Director – Cy Endfield, Screenplay – John Prebble, Daniel Ullman & Crane Wilbur, Based on the Novel by Jules Verne, Producer – Charles Schneer, Photography – Wilkie Cooper, Underwater Photography – Egil Woxholt, Music – Bernard Herrmann, Visual Effects – Ray Harryhausen, Art Direction – Bill Andrews. Production Company – Ameran Films/Columbia
Michael Craig (Captain Cyrus Harding), Herbert Lom (Captain Nemo), Joan Greenwood (Lady Mary Fairchild), Gary Merrill (Gideon Spillett), Michael Callan (Herbert Brown), Beth Rogan (Elena), Percy Herbert (Sergeant Pencroft), Dan Jackson (Neb)
It is 1865 at the height of the American Civil War. A group of captured Union soldiers make an escape in a hot-air balloon. However, the balloon is caught in a storm and they are washed up on a desert island. There they build shelter for themselves and are later joined by two shipwrecked Englishwomen. They must also fight off a number of everyday birds and animals that have been expanded to giant-size. They receive aid from a mysterious benefactor who leaves them provisions. This turns out to be Captain Nemo who has found a means of creating giant-size animals as a way of solving world hunger with the intention of eliminating the causes of war.
Mysterious Island (1875) was Jules Verne’s sequel to Twenty Thousand Leagues Under the Sea (1870). The story is principally a desert island adventure and Captain Nemo and his submarine turn up in later chapters. On screen, Mysterious Island has the peculiar distinction of having been filmed more times than Twenty Thousand Leagues Under the Sea. It has notched up nine-and-a-half adaptations – parts of the silent Twenty Thousand Leagues Under the Sea (1916); the silent The Mysterious Island (1929); an obscure Russian-made adaptation Mysterious Island (1941); the serial Mysterious Island (1951); this; the obscure Spanish/French/Italian The Mysterious Island of Captain Nemo (1972) with Omar Shariff as Nemo; Juan Piquer Simon’s Monster Island/Mystery of Monster Island (1981); the 22 episode tv series Mysterious Island (1995) with John Bach as Nemo; the Hallmark tv mini-series Mysterious Island (2005); the low-budget The Mysterious Island (2012); and the family oriented Journey 2: The Mysterious Island (2012) – against Twenty Thousand Leagues‘s five adaptations – the silent Twenty Thousand Leagues Under the Sea (1916); Disney’s 20,000 Leagues Under the Sea (1954); the tv movie 20,000 Leagues Under the Sea (1997) with Ben Cross as Captain Nemo; the tv mini-series 20,000 Leagues Under the Sea (1997) with Michael Caine as Captain Nemo; and The Asylum’ 30,000 Leagues Under the Sea (2007) with Sean Lawlor as Nemo.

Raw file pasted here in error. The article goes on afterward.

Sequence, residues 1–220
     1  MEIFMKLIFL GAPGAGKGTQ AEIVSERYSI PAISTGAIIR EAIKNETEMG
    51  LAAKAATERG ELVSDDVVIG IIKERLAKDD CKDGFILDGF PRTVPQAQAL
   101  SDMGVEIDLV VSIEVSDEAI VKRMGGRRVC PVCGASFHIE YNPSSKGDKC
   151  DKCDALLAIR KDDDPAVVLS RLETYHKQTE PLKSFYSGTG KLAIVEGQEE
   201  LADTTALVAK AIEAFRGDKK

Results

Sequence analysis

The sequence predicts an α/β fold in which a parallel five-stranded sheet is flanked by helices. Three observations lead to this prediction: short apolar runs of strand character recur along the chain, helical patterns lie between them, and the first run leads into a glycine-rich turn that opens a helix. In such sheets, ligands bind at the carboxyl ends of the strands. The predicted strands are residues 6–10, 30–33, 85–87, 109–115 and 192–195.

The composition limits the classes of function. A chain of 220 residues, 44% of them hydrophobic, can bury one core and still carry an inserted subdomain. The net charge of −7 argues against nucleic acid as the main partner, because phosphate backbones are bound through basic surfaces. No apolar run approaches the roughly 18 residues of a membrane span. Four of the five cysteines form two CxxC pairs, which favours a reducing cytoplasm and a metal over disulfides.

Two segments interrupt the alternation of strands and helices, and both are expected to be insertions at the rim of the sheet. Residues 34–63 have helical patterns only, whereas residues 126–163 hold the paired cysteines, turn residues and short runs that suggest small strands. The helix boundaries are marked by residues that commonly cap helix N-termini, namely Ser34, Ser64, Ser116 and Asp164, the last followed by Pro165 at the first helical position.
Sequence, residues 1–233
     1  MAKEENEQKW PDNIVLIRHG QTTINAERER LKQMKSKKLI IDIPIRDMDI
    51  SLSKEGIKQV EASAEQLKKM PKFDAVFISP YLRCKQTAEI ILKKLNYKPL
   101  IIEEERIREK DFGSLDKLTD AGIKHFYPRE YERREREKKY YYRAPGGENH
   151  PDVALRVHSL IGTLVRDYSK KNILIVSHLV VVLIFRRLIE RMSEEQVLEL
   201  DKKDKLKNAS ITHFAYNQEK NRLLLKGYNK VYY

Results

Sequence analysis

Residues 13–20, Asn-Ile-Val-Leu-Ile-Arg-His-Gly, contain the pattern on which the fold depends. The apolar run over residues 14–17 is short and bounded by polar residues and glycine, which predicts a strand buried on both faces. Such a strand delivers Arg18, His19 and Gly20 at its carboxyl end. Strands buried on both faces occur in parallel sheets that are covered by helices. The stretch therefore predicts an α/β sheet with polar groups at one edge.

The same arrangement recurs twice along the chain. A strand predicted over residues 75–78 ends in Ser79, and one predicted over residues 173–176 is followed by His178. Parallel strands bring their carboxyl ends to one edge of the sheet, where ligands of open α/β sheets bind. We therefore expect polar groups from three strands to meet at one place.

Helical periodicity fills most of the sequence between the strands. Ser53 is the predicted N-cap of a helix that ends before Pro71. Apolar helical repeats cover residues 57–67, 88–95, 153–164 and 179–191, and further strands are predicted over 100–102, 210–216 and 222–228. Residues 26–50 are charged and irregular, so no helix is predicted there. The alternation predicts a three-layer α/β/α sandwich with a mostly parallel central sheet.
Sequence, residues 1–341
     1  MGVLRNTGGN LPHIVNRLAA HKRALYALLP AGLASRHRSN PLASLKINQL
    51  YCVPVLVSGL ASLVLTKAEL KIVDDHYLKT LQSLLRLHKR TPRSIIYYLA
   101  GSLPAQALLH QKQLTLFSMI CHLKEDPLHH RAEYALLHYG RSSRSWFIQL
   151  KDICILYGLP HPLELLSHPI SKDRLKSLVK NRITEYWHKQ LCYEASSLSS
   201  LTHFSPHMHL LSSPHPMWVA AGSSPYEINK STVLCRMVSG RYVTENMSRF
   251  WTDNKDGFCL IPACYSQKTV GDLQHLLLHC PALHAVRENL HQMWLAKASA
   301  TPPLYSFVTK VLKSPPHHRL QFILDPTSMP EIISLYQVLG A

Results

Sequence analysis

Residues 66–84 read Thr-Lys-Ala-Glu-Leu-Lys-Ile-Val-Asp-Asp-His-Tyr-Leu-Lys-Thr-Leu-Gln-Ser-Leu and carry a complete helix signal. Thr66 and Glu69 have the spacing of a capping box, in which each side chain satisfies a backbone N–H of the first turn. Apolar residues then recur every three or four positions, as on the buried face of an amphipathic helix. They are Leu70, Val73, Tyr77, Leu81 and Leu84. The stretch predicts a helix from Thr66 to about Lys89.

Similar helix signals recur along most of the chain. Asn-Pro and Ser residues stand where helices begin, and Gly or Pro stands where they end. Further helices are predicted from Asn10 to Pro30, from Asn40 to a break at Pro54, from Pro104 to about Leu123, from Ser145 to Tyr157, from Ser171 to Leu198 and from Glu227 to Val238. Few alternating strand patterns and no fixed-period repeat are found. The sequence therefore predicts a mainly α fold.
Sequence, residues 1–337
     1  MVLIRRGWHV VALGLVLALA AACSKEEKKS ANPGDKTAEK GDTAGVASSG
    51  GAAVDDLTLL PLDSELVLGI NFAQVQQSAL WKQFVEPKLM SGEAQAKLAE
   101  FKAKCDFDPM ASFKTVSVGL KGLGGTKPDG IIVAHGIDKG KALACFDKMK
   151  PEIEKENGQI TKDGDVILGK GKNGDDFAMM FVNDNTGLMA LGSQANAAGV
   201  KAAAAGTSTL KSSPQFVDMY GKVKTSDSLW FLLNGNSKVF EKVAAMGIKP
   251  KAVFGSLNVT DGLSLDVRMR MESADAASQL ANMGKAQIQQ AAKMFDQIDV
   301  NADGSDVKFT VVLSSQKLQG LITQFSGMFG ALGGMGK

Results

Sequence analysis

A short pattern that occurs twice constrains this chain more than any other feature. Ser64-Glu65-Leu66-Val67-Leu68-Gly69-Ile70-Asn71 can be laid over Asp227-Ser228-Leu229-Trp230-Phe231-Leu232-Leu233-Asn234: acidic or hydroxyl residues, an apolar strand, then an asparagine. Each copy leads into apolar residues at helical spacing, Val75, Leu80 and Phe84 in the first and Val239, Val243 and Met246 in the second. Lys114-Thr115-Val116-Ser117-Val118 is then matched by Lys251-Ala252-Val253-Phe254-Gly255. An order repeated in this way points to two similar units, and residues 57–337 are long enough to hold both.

The reason for this becomes clear when one remembers just how definitive an adaptation of the story the 1954 Disney version of Twenty Thousand Leagues Under the Sea was. It is hard for any subsequent adaptation to stand up against the Disney version, whereas Mysterious Island lacks any defining classic version so far. The novel of Mysterious Island is a straightforward story of desert island survival with no science-fiction content (other than Nemo’s submarine). It is interesting to see what various film adaptations of Mysterious Island have managed to tack onto the Verne story, having thrown in everything from merpeople (the 1929 version), invading aliens from the planet Mercury (the 1951 version); time travel and mutant creatures – the low-budget 2012 version; and giant animals – here and in the 1981 and 2005 versions (which in Monster Island turn out to be monsters placed on the island by a bored boy’s father to teach him life lessons!!!). It should be noted that the most straightforward and faithful adaptations of the story – the 1941 and 1972 versions – also happen to be regarded as the dullest.